It the one who scolded her did it with good intention and acted as a mature adult, then it doesn't really matter. The person could help my children. The best would be for that person to have approached me first and let me handle it, but if I am not around and it was done as an act of concern and kindness, I have no problem as a parent.
• United States
18 Jan 07
The point is, that I was around.
@Muslimah (811)
• United States
18 Jan 07
well you have to consider her age... if she was an older woman than its to be expected ... they dont like when kids get out of hand. But i dont think she should have made her cry.
• United States
18 Jan 07
As I've stated in prior posts, the child was NOT out of hand.
1 person likes this
• United States
18 Jan 07
I think that too many parents dont do anything and just let it go on. I know I get frustrated and Want to butt in when that happens. I usually dont. I have scolded teenage kids in a store without a parent for swearing in front of my kids.
1 person likes this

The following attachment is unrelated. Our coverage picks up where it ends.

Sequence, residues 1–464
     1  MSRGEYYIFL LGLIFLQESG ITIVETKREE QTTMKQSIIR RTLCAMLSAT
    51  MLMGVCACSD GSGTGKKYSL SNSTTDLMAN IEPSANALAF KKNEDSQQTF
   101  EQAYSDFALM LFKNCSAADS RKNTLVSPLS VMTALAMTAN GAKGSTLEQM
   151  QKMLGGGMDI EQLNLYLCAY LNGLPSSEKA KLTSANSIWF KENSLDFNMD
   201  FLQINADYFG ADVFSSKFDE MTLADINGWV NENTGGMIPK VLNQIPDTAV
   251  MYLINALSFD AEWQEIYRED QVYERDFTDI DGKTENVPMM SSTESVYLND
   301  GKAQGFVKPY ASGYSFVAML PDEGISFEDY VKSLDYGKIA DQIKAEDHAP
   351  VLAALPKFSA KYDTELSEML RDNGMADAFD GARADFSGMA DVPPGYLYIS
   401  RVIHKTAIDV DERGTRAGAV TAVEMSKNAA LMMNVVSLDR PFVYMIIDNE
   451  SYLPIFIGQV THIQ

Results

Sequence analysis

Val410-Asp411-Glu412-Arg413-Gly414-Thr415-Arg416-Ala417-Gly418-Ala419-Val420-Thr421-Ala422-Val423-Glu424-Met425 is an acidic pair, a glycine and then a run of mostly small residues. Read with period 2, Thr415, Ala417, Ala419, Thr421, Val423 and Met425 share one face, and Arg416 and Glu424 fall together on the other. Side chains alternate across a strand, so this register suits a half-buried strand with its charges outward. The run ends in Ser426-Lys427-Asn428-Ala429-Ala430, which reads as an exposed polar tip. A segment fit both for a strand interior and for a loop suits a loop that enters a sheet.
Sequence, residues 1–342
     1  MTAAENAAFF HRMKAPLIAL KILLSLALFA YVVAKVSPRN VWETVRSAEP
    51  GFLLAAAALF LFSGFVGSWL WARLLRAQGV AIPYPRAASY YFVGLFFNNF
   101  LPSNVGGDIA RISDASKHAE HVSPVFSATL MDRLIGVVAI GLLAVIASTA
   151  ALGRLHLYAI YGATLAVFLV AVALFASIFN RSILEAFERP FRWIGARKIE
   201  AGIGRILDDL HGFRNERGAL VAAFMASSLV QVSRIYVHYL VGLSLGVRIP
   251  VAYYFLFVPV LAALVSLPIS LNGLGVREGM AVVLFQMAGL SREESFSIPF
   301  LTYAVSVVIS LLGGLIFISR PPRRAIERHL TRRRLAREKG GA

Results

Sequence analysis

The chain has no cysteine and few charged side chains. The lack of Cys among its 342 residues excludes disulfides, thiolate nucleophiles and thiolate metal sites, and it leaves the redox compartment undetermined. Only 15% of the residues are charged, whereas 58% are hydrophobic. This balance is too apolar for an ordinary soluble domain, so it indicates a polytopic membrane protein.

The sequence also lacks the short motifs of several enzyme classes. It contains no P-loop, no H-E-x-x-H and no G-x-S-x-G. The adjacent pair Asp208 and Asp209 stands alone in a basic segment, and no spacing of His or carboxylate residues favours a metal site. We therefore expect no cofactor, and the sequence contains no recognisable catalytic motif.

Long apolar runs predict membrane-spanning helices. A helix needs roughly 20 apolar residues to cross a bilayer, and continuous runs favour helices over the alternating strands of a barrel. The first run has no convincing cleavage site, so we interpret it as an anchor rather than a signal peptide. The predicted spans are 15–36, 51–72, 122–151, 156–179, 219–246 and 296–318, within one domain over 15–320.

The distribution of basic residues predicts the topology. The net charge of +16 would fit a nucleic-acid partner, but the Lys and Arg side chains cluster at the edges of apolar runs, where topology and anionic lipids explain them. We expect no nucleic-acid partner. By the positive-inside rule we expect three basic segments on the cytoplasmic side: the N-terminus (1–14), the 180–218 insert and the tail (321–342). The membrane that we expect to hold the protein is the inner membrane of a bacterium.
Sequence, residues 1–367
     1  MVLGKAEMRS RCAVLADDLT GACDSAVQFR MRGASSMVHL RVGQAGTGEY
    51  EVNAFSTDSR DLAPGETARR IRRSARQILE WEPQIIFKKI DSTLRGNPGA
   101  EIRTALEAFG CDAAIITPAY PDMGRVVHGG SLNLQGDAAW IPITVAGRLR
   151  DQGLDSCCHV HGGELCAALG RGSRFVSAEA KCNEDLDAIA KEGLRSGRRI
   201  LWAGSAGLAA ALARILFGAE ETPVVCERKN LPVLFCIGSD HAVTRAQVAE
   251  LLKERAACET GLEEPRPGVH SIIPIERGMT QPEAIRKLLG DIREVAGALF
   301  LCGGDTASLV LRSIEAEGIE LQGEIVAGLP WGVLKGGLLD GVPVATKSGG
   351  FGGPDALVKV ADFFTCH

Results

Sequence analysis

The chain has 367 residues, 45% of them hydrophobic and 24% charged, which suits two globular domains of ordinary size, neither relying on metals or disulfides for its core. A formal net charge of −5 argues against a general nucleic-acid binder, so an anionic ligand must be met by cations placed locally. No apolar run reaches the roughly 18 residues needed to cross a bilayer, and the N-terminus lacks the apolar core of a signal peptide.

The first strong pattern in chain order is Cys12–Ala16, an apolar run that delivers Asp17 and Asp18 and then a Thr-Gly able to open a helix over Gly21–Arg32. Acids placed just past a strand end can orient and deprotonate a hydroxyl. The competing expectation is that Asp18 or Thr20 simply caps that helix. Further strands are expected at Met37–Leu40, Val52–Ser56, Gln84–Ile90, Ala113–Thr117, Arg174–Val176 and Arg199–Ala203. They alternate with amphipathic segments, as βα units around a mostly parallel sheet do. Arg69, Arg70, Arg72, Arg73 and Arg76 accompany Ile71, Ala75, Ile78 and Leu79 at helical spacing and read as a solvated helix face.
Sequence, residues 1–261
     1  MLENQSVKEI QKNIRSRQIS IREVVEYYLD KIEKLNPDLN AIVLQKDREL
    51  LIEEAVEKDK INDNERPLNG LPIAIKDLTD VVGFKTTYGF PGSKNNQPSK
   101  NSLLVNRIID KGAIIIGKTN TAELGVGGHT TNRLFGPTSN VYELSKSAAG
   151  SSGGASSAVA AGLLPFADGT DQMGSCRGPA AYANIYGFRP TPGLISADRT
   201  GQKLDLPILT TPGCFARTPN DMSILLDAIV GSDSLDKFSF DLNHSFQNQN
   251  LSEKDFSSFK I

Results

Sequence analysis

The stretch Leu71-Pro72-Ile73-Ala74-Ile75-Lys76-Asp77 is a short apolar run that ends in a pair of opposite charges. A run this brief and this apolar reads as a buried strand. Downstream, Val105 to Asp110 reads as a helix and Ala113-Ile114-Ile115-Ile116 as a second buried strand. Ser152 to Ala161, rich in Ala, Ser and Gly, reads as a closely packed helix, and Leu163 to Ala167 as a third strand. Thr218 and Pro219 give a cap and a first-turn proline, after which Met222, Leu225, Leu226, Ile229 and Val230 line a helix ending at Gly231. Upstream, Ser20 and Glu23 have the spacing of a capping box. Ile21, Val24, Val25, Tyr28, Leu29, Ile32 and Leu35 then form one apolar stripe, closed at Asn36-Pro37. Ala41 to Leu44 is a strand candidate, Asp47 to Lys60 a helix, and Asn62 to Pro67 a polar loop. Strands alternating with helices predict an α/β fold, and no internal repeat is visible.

• United States
18 Jan 07
Oh definitely. I think, about the teenage thing, they should be old enough to be accountable and know that they should watch their language. And, them being that age, a little embarrassment couldn't hurt them.
1 person likes this
• United States
18 Jan 07
What was your child doing?
1 person likes this
• United States
18 Jan 07
Sorry; I listed it in a follow-up... she was (disgusting I know) licking a shopping cart. She is on the autism spectrum and has "sensory issues", and as we know, the first way babies, and even some older children, find about things is putting them in their mouths. So, yuck, but not the place for the employee to scold. I think the other poster's response was great. She'd say something like, "Wow, isn't that a tasty shopping cart?" That would have gotten my attention to take care of the situation.
1 person likes this
• United States
18 Jan 07